The non-rivalness of pure public goods means that the demand for public goods must be thought of differently than that for private goods. Suppose apples sell for 50 cents each. We know that we would purchase apples as long as our marginal utility for additional apples exceeds 50 cents each. So If I would buy two at that price and you would buy 3, then market demand is 5.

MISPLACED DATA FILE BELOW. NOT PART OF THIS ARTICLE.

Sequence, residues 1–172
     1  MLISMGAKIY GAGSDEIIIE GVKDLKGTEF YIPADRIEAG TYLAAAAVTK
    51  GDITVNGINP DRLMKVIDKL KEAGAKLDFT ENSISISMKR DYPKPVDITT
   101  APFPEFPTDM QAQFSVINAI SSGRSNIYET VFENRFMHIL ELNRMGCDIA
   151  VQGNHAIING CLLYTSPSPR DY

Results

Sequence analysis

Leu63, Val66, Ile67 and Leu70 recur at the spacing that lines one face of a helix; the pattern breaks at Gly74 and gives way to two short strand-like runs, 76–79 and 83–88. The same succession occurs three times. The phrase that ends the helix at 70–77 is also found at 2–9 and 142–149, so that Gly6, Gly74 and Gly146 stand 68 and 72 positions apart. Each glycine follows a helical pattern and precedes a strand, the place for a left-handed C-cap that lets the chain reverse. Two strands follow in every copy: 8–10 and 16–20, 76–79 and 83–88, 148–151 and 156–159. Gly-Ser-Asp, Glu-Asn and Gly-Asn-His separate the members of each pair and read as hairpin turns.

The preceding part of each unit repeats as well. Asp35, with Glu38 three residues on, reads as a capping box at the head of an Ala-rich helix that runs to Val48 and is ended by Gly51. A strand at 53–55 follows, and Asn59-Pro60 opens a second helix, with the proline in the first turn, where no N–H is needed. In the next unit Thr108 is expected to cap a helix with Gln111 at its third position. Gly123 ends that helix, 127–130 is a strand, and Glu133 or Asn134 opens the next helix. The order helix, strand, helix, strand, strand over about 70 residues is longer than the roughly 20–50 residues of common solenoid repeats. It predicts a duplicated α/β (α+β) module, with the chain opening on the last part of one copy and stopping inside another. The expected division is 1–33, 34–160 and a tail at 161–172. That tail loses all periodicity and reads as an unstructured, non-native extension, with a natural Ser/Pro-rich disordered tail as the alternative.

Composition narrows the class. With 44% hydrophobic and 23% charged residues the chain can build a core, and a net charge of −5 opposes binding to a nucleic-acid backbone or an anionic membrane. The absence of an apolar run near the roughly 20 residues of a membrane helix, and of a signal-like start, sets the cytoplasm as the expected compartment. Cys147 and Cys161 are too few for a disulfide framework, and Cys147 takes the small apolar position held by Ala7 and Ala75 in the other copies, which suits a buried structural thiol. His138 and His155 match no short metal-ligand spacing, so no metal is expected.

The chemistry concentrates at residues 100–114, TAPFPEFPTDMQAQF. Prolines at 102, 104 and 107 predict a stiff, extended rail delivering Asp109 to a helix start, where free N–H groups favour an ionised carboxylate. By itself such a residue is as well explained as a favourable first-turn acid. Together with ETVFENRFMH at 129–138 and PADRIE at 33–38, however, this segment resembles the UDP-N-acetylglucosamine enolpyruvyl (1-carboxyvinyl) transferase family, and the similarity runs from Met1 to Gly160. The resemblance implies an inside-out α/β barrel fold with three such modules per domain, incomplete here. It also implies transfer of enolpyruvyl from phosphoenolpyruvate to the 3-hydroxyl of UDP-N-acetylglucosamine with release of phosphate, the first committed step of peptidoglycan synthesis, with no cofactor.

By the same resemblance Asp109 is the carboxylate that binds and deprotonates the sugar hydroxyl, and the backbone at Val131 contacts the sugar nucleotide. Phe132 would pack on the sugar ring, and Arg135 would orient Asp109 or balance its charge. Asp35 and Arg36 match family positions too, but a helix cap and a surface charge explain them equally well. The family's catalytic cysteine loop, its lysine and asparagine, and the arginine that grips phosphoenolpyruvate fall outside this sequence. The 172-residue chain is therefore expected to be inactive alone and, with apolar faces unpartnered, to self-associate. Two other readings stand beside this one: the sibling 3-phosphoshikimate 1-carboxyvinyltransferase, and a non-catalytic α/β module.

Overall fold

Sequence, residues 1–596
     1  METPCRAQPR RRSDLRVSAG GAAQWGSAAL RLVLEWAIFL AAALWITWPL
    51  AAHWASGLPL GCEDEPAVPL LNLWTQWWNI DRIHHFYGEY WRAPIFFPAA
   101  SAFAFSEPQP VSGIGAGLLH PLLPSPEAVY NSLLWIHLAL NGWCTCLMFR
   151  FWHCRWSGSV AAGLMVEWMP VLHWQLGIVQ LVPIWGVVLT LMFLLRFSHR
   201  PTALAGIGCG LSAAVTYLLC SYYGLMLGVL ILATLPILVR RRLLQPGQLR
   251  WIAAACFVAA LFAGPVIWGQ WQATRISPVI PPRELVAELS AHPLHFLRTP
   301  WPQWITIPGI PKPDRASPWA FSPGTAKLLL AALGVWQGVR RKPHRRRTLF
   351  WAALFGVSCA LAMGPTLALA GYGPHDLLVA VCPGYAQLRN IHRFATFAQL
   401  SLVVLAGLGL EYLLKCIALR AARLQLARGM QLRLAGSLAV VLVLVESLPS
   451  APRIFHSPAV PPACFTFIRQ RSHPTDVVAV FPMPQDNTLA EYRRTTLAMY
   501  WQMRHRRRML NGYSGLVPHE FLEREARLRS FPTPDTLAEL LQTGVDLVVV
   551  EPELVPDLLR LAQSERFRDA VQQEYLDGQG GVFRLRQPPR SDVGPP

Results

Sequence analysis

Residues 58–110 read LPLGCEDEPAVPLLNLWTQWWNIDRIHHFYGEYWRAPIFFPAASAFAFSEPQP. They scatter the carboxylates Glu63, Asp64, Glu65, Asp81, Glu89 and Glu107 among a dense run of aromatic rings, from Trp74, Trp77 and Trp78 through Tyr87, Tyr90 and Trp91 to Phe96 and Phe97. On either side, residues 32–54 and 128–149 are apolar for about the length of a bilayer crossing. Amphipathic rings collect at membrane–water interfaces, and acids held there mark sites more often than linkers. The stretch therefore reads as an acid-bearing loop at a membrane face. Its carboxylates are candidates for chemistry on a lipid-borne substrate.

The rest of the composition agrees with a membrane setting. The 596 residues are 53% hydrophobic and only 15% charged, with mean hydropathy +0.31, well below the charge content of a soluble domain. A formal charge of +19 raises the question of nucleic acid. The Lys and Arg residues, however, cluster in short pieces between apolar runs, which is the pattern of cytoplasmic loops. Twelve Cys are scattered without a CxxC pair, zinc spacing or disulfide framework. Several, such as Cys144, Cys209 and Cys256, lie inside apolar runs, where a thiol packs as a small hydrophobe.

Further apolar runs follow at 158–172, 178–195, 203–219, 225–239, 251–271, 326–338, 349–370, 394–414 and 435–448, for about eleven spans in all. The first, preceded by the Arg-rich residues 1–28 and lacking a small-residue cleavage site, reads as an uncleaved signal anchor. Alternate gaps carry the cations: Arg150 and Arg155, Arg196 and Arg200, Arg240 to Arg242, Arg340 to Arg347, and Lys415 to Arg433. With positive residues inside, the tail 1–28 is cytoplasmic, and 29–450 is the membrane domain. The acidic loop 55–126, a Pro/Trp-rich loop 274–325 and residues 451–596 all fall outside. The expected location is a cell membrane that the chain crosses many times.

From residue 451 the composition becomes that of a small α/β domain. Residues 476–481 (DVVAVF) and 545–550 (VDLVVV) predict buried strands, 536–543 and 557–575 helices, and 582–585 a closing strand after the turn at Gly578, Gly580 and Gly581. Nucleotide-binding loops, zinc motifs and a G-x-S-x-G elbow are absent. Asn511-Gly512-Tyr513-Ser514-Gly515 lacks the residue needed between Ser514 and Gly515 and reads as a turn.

Suppose instead we are interested in the demand for a shared good (another way of thinking about a public good). Even though televisions aren't typically considered public goods, within a household it is reasonable to think of them this way. Suppose you and your SO (significant other) are considering buying a big-screen TV together. If you value the TV at \$350 and your SO values it at \$400 then the total household value would be \$750. So, in your home 1 such TV would be demanded if they sell for no more than \$750. Suppose you would value a 2nd TV at \$150 and your SO would value a 2nd at \$200, then you would demand 2 TVs if the price were no mor than \$350, and so on.